President Latham said we have worked hard to form a partnership with APA. APA wants $4,500 to sponsor a luncheon. He said he doesn’t think we can promise that much, but we should give something. Mr. Nershi said SIOP already told APA things were tight and that things are tight with them, hence the request for sponsorships.
We are not sure how many people are participating. Dr. Knapp suggested splitting the cost with Division 19 or Division 13. Dr. Bauer said we need to ask two things: do we want this and can we afford this? Dr. Tetrick said we do want to be involved. Dr. Kraiger asked if APA originally asked for full sponsorship. Mr. Nershi said they asked for $4500, but we don’t know if that is what the whole lunch will cost. Dr. Kraiger said it sounds like they want SIOP to pay for everything.
Dr. Weiss said he doesn’t think it is a good use of funding, since SIOP has 2 of 150 delegates. Dr. Tetrick said it would give us visibility within APA. President Latham suggested giving $1,500 instead. Dr. Pearlman said it would be good if we could give $1,500. President Latham said it would be a goodwill gesture. Dr. Knapp said it would be a good number and that we should work with Division 13. Dr. Cortina asked if the committee feels we can afford this. President Latham said SIOP is a division of APA and that it is in our best interest to help them. Dr. Locke asked what is in it for SIOP. President Latham said APA is listening. The APA president is listening. Dr. Tetrick said it is not just the president, it’s also the other 150 people there. Mr. Nershi said they probably will not put up signs saying who sponsored it. Dr. Cortina asked if $1,500 will be appreciated. Dr. Knapp said Division 13 offers coaching for each president. They are there getting to know this president and we don’t do anything like that.
Dr. Weiss motioned for $1,500 for the summit. Dr. Tetrick seconded the motion. All approved the motion with one abstention. Motion passed.
ACTION ITEM: Motion passed to give $1,500 to sponsor a luncheon at the APA’s Future of Psychology Practice Summit.

Proposed Federation Foundation Science Café ($5000 to $7000).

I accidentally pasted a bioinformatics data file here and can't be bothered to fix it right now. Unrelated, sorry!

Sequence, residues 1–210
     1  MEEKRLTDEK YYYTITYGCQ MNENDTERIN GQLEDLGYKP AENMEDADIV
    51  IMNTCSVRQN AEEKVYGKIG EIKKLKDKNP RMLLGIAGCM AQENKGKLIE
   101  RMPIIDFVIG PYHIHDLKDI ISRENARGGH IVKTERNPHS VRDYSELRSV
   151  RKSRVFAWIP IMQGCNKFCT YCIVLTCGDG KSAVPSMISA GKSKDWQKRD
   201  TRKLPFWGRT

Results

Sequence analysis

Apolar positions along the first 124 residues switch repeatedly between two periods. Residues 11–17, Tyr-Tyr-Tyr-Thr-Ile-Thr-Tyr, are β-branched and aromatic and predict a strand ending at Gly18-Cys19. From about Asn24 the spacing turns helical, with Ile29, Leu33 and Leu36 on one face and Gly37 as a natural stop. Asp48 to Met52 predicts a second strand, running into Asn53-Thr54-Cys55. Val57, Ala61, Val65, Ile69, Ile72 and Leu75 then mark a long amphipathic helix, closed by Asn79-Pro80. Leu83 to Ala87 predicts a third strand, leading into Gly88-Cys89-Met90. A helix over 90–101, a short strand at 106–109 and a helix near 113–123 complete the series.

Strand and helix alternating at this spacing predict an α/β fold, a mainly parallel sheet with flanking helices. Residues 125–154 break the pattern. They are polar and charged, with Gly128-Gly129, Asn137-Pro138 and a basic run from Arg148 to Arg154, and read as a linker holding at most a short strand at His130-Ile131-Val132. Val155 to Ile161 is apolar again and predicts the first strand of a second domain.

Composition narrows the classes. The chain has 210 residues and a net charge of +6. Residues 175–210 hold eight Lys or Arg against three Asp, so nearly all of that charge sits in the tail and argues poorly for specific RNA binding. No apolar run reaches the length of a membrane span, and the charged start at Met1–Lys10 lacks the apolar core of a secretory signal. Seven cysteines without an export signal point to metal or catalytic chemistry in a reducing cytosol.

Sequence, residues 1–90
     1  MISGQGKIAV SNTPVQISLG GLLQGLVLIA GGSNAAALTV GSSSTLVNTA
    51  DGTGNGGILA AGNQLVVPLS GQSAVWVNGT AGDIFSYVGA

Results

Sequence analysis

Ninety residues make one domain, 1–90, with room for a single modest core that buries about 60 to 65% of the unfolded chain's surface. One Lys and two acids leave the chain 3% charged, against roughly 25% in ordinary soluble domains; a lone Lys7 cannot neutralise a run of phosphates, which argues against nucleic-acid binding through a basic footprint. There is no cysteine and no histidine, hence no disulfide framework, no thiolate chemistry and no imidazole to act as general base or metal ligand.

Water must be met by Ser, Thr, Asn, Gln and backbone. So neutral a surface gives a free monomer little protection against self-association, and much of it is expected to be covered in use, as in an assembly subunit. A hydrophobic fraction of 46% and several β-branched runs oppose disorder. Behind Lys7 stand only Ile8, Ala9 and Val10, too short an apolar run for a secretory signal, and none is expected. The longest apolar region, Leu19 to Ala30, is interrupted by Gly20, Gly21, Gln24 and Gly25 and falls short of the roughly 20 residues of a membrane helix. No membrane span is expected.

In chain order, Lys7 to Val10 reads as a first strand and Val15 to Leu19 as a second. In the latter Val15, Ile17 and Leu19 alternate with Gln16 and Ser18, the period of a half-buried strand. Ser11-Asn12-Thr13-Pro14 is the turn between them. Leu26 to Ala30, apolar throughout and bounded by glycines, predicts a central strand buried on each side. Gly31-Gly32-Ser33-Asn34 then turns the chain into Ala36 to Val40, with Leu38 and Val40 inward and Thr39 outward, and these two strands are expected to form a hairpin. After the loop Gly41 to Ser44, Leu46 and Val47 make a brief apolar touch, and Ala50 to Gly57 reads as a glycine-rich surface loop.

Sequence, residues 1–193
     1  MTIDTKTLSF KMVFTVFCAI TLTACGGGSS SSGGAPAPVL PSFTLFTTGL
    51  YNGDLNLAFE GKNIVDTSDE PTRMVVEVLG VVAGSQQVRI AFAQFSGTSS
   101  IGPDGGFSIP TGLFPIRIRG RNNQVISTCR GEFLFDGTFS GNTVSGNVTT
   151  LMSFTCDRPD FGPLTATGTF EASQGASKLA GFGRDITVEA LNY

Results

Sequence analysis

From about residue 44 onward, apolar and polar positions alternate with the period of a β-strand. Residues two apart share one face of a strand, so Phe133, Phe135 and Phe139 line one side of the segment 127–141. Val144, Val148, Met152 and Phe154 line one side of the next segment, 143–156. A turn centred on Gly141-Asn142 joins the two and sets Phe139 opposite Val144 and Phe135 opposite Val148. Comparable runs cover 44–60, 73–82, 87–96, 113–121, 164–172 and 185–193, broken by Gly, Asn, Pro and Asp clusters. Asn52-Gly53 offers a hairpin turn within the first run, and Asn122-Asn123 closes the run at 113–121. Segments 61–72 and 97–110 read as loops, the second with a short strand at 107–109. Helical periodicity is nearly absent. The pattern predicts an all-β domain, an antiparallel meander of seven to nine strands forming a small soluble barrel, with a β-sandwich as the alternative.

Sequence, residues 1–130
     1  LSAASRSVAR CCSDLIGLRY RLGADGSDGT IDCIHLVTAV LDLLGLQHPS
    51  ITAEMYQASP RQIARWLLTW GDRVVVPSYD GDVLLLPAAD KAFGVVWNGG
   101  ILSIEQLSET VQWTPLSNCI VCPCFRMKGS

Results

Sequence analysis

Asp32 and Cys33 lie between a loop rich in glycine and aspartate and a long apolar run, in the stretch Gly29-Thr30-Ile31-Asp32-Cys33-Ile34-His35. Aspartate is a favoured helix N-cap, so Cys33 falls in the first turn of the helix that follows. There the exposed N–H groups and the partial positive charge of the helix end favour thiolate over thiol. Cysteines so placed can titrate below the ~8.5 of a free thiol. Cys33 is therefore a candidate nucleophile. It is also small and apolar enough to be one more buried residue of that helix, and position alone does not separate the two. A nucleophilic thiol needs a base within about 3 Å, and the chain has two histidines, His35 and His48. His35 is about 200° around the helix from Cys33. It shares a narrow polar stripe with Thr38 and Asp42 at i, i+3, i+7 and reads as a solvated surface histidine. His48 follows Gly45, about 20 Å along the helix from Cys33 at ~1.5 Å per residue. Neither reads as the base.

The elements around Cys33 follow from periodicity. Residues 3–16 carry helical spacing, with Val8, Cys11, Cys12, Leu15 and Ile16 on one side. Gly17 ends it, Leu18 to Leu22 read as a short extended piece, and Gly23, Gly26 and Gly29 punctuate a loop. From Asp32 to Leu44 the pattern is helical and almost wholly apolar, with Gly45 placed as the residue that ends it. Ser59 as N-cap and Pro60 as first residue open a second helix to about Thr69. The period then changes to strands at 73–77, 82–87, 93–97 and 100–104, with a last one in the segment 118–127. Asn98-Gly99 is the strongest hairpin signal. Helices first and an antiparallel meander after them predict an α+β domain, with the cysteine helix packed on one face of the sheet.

Mr. Nershi said SIOP representatives met with the new director of the Federation in Washington recently. We asked her what we can get out of this. This is one of the projects they brought up. It is a public event to highlight science. We would find speakers. We did one last year on aging in the workforce, but this one would be better. We pay the fee and they organize it without input. Staffers for senators and congressmen, etc. would be invited. 50-60 people would go, and we would say “here’s the thought leaders we have on this particular topic and they will address issues.”
Mr. Nershi said he thinks this would be different than in the past. Dr. Weiss asked what we get out of it. President Latham said this is one efficient, effective group. They are 100 percent loyal to science. They are very good at lobbying APA and congress.
They would probably put it on in the spring. Dr. Tetrick said this is a timing issue. Michelle Obama is interested in work and family issues; why not do something on that? Dr. Weiss agreed that this might not be the right topic right now when there are so many other more timely topics to talk about. President Latham said this topic was selected a long time ago.
Dr. Pearlman asked it the funds would be requested out of this year’s budget. Mr. Nershi said yes, they would do it in the spring. Dr. Weiss asked how useful this is, apart from being nice to the federation. Mr. Nershi said it would be about outreach, making science accessible to the general public. Dr. Knapp said we joined the federation so they could give us this service. There was discussion of whether or not this is the right topic right now and if it can be changed. Mr. Nershi said nothing is set because they don’t have any money. President Latham said we should get in touch with the Foundation president and ask them to rethink this in terms of topic. Mr. Nershi suggested asking them if this is something we can put into our next budget year starting July 1.
Dr. Kraiger expressed concern that the committee just had a discussion about being more fiscally conservative, and this generally was not a positive experience last year, and given that, it would be hard for him to vote in favor of spending money. He suggested waiting to decide anything until after the conference. Dr. Knapp also advocated changing the topic and audience back to funding sources. Discussion postponed.

Revision of SIOP’s Licensing Policy.
President Latham discussed a document prepared by Robert Dipboye. Dr. Kraiger said it was decided that SIOP needs to create a policy statement that we can put on our website that conveys our position on licensing. The plan was to send it to the EC and see if they like it or want to change it. The feedback was that the current document will not work.